The reconstruction of the Main Town Hall was being carried out. Its tower was surrounded by high scaffolding, narrowing upwards. At the very top it all shook a lot. The vertical deviation was so significant that you had to have very strong nerves to get to the top and work there without fear. Despite the allowance for working at heights not everyone decided to do it. Barbara Kosianowska
B/w negative depicting the ruins of stonehouses of Chlebnicka Street (1945-1948) by Kazimierz LelewiczMuseum of Gdańsk
When the steeple was ready to be clad with copper sheet, the trouble with getting it started. There was no sheet in the entire country, it was among strictly regulated materials, and to receive it one was required to deliver an appropriate amount of copper scrap.
So, all employees began to pick this scrap metal up from the debris. When separating copper sheet from unburnt wooden blocks we swallowed quite a lot of harmful patina. Aleksander Juszkiewicz
At the corner of Tkacka and Piwna Streets was a damaged building called the Schlütter House. At first glance it seemed whole, there was no burned woodwork and the corner gable was damaged. Work began with the strengthening of the basement walls and the removal of debris in the basement, where five more corpses were found. The Milicja exhumed them partially, the rest of the remains were scraped into a corner, walled up and a large cross was carved on the plastered wall. Michał Bojakowski
My housing allocation, arranged by the Polytechnic in a townhouse standing on the rubble at Wałowa Street, did not disappear. I felt strange here. Whatever I looked at from my windows on the fourth floor of the dirty-red tenement house was also dirty-red: the edifice of the library, St. James' church, St. Bartholomew's church and finally - seen through heaps of brick debris - the train station. Adam Haupt
The facades of the Golden Townouse required gilding. Due to the "clockwork" nature of the job, for protection against wind, its front was enclosed with something like a wooden, well-glazed barrack with stairs and landings inside for goldsmiths. The gold they used was the thickness of cigarette paper, the size of a postcard, folded in the form of books. [...] It was a job requiring skill and precision, very time consuming. Michał Bojakowski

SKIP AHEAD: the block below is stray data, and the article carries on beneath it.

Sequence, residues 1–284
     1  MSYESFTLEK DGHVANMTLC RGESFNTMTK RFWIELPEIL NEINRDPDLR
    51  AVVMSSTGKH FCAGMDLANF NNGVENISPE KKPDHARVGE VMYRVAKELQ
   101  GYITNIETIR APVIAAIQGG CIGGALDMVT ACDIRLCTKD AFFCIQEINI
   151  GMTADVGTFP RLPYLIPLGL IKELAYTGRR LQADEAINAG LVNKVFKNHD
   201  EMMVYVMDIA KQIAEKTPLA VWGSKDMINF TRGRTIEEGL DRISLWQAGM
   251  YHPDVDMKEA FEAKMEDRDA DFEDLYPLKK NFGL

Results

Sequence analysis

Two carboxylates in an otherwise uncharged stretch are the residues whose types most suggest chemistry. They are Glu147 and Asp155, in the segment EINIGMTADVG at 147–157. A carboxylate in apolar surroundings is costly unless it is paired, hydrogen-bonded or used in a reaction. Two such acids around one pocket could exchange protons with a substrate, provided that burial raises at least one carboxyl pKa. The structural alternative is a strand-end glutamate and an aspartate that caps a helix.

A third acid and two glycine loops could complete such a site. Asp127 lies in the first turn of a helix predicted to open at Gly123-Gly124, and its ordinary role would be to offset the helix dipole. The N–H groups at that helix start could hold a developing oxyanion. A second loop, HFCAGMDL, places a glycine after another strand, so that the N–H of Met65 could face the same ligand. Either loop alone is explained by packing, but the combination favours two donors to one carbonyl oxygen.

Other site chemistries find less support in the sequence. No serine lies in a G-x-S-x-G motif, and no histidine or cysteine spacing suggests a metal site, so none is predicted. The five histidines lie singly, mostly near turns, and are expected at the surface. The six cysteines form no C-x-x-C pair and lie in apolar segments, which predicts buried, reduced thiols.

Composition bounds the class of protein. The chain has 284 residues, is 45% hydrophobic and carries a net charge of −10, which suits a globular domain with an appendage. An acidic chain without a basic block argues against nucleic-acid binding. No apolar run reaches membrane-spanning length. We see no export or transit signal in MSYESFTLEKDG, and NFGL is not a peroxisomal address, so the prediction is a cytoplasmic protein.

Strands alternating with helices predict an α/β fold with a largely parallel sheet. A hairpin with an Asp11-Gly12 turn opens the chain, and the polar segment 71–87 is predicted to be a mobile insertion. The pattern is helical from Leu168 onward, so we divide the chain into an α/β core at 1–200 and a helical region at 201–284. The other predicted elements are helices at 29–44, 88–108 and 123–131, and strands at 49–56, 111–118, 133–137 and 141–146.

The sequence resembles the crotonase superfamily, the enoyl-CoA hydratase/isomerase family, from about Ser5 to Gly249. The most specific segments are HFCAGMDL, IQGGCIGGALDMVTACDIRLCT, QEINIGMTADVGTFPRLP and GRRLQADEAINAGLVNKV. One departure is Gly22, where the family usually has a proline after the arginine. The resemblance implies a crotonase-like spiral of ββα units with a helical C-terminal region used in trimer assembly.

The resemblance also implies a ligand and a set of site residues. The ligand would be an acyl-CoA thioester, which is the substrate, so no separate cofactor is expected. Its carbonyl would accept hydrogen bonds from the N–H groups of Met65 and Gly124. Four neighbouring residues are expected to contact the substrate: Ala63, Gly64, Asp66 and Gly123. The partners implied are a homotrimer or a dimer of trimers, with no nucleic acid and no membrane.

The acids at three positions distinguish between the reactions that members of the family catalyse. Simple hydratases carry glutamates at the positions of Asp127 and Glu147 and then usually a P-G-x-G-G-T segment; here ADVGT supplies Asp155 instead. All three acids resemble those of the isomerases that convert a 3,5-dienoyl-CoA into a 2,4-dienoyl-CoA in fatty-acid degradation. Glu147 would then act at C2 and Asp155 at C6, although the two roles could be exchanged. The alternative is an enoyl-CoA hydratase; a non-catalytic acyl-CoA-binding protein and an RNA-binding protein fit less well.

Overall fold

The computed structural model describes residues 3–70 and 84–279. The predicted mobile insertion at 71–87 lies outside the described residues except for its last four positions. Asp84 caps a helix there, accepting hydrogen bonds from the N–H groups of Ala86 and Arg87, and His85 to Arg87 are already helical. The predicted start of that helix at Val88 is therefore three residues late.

The greenery-covered ruins of Mariacka Street created a landscape that seemed to me no less beautiful than the one depicted in the old engravings and photos. Although later on I always preached my categorical protest against the tendencies opposed to the reconstruction of the historical landscape of the Main City, but deep down I understood the spokesmen of the romantic concept of leaving this part of the city as a great green lapidary. Jerzy Stankiewicz
Gdańsk is near. The smell of burning grain burst through the half-open door of the wagon. We learned that it is smoldering grain on Granary Island. The whole wooden structure of the granaries had burned down, and the grain stored in them still smoldered under piles of brick walls. And it smoldered the next year because it did not bother anyone. Gdańsk was almost gone. Janusz Ciemnołoński
B/w negative depicting war damage at Długi Targ (1945-1948) by Kazimierz LelewiczMuseum of Gdańsk
At the section of Ogarna Street, where construction was managed by engineer Czesław Honik, the brigade working there found its way to the cellars with wine must. All of Ogarna was bursting at the time - some residents were carrying full tubs of this raw wine. My friends brought me a two-liter bubble as well. It tasted like French cider. Bernard Hinz
Curator: Klaudiusz Grabowski
Translation: Piotr Świercz
The commentary for the photos are the words of witnesses of these events, gathered in two volumes of „Wspomnienia z odbudowy Głównego Miasta” („Memoirs of the reconstruction of the Main Town”, editors Izabella Trojanowska and Izabella Greczanik-Filipp).